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Kids at risk: We must work together to avoid a post-COVID health crisis

By:
Rajni Dronamraju
two kids holding hands looking out a window

This article originally appeared in the San Francisco Chronicle

Almost everyone, to some extent, has suffered from the isolation, uncertainty, or emotional and economic effects of the pandemic. But for some kids and families — particularly those who are low-income and part of communities of color — the scars of the pandemic threaten to last a lifetime.

In the short term, the Bay Area’s most vulnerable children are at greater risk for exposure to domestic violence, substance use and mental health challenges as their families try to cope with the added stresses of COVID-19. For some kids and families, sheltering in place means being trapped with an abuser, with less access to help. And during times of lockdown, children often can’t rely on other adults — child-care providers, teachers or even primary health care practitioners — to offer support and intervention.

In the long-term, unless we act swiftly and with coordinated efforts, we are facing a massive public health crisis as these children and families suffer potentially lasting mental and physical effects of stress and adversity. Research has shown that prolonged exposure to stress and trauma such as neglect, violence and racism can harm children’s developing brains and bodies. The constant wear and tear of stress hormones can lead to higher rates of illnesses later in life, like cancer, stroke, heart disease and Alzheimer’s. People who have had four or more adverse childhood experiences, such as exposure to violence or abuse, have more than double the risk of heart disease and stroke and triple the risk of lung disease as others. We also know that exposure to domestic violence in childhood increases the risk of experiencing or perpetrating domestic violence as an adult. 

Unfortunately, these types of adversity are all too common. In California, prior to COVID-19, one in seven children experienced emotional or physical trauma before the age of 5, and 58% of the adult population has been affected, directly or indirectly, by domestic violence. Nationally, before COVID, 60% of people had been exposed to at least one form of adversity, and more than 20% experienced two or more. And, as with COVID-19, childhood trauma disproportionately affects Black and brown communities. Inequities in health care, education and violence — rooted in racism — increase the risk of childhood trauma and domestic violence. The impact of the pandemic has made these problems worse. 

This public health crisis impacts us all. But so far, the response has been piecemeal, with individuals and families left to navigate fragmented and underfunded health care, child services and educational systems. We need to make it easier for families to get help, and involve them in shaping the types of services most meaningful and impactful to them. Confronting this public health crisis is a priority that will require widespread collaboration across systems that care for children in our communities. Often stigmatized, childhood adversity and domestic violence are not individual problems, but ones that affect whole families and communities.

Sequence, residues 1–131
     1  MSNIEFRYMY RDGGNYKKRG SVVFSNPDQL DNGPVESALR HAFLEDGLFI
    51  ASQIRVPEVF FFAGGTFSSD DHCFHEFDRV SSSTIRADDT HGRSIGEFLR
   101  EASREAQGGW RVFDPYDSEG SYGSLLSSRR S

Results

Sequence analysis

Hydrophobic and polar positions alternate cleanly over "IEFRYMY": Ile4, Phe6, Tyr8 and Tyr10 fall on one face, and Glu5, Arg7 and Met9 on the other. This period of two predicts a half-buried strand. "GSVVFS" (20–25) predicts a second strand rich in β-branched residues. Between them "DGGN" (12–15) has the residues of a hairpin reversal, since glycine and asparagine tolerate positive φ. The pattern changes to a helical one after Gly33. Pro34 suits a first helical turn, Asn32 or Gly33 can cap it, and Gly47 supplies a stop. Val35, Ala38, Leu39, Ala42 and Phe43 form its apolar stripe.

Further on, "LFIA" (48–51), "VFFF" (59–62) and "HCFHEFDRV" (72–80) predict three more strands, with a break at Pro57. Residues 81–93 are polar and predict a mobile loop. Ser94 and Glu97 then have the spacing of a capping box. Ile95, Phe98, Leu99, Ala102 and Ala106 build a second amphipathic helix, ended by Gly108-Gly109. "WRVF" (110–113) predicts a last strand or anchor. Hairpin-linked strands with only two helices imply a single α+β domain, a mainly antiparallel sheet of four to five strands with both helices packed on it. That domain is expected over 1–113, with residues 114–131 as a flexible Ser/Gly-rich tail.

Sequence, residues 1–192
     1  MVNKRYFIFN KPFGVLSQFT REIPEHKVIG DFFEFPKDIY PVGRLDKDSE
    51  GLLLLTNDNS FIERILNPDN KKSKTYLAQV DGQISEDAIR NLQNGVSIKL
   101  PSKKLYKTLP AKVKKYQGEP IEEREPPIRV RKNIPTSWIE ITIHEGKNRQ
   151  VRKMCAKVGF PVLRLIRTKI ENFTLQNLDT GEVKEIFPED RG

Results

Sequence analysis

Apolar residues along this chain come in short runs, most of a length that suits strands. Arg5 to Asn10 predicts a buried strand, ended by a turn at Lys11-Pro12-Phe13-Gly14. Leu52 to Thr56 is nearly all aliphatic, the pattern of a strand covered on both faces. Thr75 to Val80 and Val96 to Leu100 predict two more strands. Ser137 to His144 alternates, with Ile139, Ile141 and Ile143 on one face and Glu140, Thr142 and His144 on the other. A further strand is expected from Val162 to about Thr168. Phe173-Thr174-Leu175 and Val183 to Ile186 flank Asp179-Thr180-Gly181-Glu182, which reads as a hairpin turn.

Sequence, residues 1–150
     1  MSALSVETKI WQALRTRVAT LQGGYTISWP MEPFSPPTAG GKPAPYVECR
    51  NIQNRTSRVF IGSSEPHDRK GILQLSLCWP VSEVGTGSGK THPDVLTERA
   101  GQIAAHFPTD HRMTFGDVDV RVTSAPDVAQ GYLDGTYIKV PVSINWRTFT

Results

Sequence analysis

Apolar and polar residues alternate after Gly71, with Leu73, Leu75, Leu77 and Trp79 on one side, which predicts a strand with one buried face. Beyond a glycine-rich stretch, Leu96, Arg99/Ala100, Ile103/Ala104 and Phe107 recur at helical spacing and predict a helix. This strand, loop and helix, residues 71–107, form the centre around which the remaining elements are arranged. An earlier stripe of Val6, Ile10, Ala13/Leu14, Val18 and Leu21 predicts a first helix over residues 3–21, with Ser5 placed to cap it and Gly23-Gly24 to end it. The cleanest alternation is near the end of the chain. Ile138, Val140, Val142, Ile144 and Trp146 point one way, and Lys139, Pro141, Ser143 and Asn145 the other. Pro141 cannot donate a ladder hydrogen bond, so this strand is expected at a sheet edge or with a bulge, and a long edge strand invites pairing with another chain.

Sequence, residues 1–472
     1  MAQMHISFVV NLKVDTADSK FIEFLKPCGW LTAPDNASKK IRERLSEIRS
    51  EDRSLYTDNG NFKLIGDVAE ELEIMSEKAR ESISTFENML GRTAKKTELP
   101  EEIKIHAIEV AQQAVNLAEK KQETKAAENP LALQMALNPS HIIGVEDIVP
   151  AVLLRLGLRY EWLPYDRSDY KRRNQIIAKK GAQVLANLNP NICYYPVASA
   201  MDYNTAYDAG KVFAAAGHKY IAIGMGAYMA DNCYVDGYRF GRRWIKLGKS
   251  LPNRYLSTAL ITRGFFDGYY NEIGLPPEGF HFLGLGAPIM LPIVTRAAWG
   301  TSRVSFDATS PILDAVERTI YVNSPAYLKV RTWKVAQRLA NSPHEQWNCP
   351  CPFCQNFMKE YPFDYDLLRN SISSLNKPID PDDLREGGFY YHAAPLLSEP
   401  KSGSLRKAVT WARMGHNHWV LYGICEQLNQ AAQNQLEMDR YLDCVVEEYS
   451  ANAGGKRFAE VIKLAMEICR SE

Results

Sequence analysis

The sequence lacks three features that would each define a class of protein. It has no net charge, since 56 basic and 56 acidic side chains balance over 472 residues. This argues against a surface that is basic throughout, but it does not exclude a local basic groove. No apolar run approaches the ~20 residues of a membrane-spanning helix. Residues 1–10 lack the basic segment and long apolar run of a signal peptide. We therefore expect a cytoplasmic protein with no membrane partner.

Fortunately, research shows that children and families are remarkably resilient and can heal, and we know that access to fully coordinated and integrated programs and resources is foundational.

We envision a future in the Bay Area where leaders, communities and residents unite to prevent pervasive adversities in childhood and promote healthy development. To do that, we must reimagine how we support the social, economic and physical well-being of kids and families who have been made vulnerable by long-standing inequities, and who have been disproportionately affected by the pandemic. It will take collaboration across the public, private, health care and non-profit sectors to create policies that alleviate financial hardship and provide paid family and medical leave as well as affordable child care. Together, we can help reduce child poverty and the risks that come with it, providing adequate wages, nutrition, housing assistance and educational opportunities in an integrated and coordinated approach.

With the public spotlight on COVID-19, health equity and racial justice, and new leaders in the White House, now is the time to rebuild differently and change how we invest in our children, families, and communities. Together, the public and private sectors can help advance innovative, holistic, and effective strategies for disrupting childhood adversity and preventing domestic violence.

That’s why our organizations, Genentech and Blue Shield of California Foundation, are founding donors of the All In For Kids Fund dedicated to preventing childhood trauma, breaking the cycle of domestic violence and promoting healing during and after COVID-19 in Bay Area communities.

Although the pandemic has caused immense suffering, it also provides an opportunity to approach systemic challenges in new ways. And, we can all play a role. For leaders in the business and philanthropic communities, we invite you to join us in supporting the All in For Kids Fund. For elected officials, we urge you to prioritize the prevention of childhood trauma and domestic violence, and to include those most impacted in the creation of policy solutions. For residents throughout the Bay Area, collectively we can focus our attention and compassion on driving change at the community level by watching out for each other’s safety and well-being and utilizing the resources available to provide support. Together, we can accomplish change at the scale our communities need and deserve.

Rajni Dronamraju is senior director of corporate giving at Genentech and Debbie I.Chang, MPH, is president and CEO at Blue Shield of California Foundation. 

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